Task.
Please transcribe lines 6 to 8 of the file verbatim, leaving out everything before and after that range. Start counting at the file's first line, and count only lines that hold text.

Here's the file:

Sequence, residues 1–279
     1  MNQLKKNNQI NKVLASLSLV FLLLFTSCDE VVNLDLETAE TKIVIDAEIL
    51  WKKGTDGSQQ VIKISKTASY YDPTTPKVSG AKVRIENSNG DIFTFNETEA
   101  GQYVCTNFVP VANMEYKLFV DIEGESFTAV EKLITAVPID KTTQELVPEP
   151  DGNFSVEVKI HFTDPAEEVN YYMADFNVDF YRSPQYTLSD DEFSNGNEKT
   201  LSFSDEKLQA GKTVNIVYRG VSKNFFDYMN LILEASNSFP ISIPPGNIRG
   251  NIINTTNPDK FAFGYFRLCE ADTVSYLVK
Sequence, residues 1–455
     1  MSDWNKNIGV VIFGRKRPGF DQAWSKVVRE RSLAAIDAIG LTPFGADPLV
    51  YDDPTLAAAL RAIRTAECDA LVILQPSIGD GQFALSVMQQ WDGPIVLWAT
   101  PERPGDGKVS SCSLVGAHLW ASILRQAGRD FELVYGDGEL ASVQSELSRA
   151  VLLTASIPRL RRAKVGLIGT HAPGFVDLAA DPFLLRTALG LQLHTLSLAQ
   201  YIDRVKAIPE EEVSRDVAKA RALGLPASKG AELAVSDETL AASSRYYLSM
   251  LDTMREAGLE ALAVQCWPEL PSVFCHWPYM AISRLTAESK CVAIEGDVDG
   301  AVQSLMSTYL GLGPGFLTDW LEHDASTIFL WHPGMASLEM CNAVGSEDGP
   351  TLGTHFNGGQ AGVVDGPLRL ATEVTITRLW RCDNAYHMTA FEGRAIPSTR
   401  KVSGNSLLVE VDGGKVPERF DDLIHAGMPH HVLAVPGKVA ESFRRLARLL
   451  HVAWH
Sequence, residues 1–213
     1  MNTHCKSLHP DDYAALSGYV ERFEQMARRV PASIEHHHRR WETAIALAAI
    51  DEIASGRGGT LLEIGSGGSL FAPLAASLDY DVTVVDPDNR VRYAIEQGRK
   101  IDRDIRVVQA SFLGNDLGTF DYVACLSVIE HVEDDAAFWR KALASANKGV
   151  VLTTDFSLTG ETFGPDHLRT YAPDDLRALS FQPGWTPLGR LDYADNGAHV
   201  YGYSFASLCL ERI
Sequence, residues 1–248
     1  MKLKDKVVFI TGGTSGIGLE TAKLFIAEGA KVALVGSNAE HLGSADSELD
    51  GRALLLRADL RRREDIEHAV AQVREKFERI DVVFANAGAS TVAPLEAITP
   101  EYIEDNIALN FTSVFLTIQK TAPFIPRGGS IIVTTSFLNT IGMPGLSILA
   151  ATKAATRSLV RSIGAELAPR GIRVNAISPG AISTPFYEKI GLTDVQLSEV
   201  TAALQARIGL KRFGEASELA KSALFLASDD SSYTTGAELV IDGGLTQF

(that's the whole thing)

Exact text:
   201  LSFSDEKLQA GKTVNIVYRG VSKNFFDYMN LILEASNSFP ISIPPGNIRG
   251  NIINTTNPDK FAFGYFRLCE ADTVSYLVK
Sequence, residues 1–455